Gibbs also said the health department assigned a staff member to businesses who have positive coronavirus cases to help them with exposure and any questions they may have.
Riley County on Tuesday confirmed nine new coronavirus cases since Monday, officials said. The county also added 18 new cases over the weekend.
The county has a total of 364 cases.
Of the 364 cases, 228 are recovered and 133 are active. Three people have died after testing positive for the coronavirus.
The Kansas Department of Health and Environment (KDHE) reported 20,058 cases, 1,343 hospitalizations and 288 deaths statewide Monday.
That is up 1,447 cases, 39 hospitalizations and four deaths from Friday.
Geary County has 119 cases while Pottawatomie County has 93 cases, KDHE reported Monday. Geary County is up four cases, and Pottawatomie County is also up four from Friday.
There have been 211,117 negative tests so far in Kansas, according to KDHE. KDHE releases data Mondays, Wednesdays and Fridays.
Riley County Fair officials are modifying this year’s event for safety as coronavirus cases continue to increase.
“As the number of cases jumped in Riley County, it became readily apparent that we needed to modify the schedule and the process,” said Gary Fike, county extension director.
There will be no “open-class” exhibits this year. That category includes events such as the berry pie contest and pedal tractor pull, among others.
“It’s disappointing in many ways, and I’m sure there are very few people who are excited about the different format,” Fike said. “But in the end, we are trying to be responsible and accountable to the public, and at the same time, allow the 4-Hers and their families to grow in their project areas in terms of new skills and knowledge gained.”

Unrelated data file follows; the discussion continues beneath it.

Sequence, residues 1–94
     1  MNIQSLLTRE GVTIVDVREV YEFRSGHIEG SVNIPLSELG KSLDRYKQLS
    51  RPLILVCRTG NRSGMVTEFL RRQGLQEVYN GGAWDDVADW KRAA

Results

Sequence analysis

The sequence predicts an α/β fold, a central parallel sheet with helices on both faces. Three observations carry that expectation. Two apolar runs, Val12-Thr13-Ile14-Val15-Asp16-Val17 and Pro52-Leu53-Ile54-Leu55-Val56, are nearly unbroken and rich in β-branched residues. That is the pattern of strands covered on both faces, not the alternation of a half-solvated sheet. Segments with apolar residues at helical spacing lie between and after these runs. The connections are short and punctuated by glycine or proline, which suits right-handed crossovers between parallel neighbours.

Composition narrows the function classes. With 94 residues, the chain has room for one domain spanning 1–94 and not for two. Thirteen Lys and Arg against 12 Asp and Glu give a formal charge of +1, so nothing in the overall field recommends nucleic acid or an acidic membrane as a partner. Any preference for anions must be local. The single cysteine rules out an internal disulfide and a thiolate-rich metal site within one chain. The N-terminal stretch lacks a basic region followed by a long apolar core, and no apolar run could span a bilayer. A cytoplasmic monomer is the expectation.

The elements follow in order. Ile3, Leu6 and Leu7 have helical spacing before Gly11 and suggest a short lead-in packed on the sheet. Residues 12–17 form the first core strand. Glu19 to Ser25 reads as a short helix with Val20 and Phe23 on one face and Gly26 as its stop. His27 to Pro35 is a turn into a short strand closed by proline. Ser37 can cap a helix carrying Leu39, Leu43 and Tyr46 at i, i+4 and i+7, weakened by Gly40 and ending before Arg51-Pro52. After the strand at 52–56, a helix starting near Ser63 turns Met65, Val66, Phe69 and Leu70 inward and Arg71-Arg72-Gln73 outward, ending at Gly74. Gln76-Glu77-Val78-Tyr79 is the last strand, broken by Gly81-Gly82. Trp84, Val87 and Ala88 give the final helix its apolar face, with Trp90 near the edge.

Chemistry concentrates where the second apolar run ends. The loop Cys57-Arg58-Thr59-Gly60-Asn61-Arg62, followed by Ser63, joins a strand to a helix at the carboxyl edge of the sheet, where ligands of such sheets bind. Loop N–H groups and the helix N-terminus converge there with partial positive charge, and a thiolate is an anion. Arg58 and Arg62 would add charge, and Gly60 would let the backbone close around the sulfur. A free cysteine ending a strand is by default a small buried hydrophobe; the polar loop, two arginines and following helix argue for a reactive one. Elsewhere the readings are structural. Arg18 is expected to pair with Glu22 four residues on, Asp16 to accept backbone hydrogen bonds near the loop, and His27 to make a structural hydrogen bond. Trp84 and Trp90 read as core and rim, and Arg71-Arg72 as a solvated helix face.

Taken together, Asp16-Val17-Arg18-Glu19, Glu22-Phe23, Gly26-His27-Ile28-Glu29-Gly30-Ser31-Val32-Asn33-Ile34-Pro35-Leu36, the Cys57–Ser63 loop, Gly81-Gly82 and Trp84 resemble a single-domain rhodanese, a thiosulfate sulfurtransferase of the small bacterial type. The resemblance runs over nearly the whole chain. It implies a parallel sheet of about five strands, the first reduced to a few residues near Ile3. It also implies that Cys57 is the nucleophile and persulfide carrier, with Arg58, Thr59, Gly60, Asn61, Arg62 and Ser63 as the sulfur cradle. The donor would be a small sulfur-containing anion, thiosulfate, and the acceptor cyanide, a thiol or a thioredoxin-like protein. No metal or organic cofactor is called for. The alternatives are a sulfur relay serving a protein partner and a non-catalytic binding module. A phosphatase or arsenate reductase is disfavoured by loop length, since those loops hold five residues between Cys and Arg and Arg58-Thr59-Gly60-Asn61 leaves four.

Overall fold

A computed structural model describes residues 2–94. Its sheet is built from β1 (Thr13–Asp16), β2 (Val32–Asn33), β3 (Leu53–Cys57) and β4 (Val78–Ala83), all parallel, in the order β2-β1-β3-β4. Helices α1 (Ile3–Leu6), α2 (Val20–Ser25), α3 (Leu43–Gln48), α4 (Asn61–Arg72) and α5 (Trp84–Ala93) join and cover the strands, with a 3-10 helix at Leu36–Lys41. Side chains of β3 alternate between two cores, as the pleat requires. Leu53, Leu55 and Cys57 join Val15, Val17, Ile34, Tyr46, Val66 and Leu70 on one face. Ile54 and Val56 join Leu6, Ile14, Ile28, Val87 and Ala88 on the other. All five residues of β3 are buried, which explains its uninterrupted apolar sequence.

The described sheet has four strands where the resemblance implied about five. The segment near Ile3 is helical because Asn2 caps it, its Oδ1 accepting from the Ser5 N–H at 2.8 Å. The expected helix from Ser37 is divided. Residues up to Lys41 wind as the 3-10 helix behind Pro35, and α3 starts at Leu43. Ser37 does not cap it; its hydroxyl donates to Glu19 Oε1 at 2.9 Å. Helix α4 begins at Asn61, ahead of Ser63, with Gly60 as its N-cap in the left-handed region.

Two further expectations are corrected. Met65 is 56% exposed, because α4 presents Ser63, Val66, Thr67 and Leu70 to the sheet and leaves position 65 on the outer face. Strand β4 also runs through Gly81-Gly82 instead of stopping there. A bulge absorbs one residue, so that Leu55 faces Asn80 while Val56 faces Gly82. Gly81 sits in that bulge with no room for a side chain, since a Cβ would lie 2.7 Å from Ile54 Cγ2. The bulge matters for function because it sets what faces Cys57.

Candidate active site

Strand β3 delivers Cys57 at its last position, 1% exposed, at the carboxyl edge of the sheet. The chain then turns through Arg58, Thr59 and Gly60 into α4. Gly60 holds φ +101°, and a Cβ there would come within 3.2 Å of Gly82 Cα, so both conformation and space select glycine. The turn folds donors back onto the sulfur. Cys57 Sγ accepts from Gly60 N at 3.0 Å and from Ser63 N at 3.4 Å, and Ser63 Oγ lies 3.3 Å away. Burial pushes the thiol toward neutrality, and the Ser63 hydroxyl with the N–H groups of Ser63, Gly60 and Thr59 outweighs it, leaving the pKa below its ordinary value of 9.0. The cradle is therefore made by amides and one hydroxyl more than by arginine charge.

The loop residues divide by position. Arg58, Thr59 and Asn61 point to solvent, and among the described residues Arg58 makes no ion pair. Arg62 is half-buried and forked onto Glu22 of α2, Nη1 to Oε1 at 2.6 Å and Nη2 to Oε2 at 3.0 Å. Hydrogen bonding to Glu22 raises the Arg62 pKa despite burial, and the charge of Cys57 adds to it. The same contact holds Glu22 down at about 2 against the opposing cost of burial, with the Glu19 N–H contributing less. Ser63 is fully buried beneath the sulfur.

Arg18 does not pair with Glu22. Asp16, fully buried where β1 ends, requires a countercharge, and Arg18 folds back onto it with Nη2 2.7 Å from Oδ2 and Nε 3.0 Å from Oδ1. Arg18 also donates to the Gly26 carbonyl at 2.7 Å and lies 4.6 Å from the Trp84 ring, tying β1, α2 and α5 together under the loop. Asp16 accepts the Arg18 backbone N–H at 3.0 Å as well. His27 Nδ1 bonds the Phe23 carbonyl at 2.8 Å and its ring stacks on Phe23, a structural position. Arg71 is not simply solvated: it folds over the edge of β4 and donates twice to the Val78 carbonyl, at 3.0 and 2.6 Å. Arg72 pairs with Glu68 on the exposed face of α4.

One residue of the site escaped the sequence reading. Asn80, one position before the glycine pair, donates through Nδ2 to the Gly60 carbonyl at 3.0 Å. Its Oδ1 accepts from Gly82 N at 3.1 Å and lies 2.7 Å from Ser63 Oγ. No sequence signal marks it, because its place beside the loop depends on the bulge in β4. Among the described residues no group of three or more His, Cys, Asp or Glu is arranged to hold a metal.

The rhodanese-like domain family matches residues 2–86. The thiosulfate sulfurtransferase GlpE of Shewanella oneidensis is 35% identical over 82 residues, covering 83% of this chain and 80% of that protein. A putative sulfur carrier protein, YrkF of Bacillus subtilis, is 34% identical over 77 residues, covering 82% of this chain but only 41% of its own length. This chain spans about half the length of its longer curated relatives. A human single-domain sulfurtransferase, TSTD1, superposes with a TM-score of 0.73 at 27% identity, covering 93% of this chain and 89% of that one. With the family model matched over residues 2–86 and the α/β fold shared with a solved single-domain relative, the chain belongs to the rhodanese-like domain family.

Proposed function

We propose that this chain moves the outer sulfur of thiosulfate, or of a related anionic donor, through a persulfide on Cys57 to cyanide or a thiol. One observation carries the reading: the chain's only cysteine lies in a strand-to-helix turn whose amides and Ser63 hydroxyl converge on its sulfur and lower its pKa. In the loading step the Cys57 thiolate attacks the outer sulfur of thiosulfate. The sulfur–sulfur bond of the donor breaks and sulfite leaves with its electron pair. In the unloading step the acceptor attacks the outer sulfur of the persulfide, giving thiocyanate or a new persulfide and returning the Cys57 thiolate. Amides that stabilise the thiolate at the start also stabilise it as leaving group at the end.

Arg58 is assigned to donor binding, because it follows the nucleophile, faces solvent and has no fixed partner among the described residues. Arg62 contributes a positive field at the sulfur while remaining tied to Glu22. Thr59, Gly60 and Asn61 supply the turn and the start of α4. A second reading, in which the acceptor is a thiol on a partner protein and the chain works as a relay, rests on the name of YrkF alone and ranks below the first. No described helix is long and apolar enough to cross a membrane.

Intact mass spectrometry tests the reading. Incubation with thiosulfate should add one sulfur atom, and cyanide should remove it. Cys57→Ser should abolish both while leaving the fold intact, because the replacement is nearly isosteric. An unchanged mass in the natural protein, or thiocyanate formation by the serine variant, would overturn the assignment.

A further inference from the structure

Pottorf Hall will not be open to the public this year, according to the Riley County Fair website.
There will be no public clothing style revue this year, either. Judges will still evaluate the outfits, according to a press release sent to The Mercury by Fike.
Social distancing is encouraged at the fair, which is planned for July 23-27. People must wear masks in order to abide by the latest city ordinance.
Judges will still assess 4-H projects and award ribbons, but it will be done one-on-one with social distancing measures, such as setting up barriers, wearing masks and using hand sanitizer, according to the press release. After the projects are judged, people will take them home instead of the projects being displayed to the public.
This is similar for the animal projects. Animals will go to their respective shows, be judged and then return home.
The livestock premium sale will look different this year as people are instructed to make bids through watching the 4-H member with their animal on a large screen, instead of having people show their animals in the actual ring. The horse show is still planned for July 18.
The Kaw Valley Rodeo was canceled back in May because of coronavirus concerns. The carnival also isn’t coming to the fair this year.
In addition, the Kansas State Fair is canceled this year because of the pandemic, but livestock shows are still planned, according to the fair website.
This is the first time the fair has ever been canceled in 106 years, according to the website.
Plans for the 2021 state fair will be announced later this year.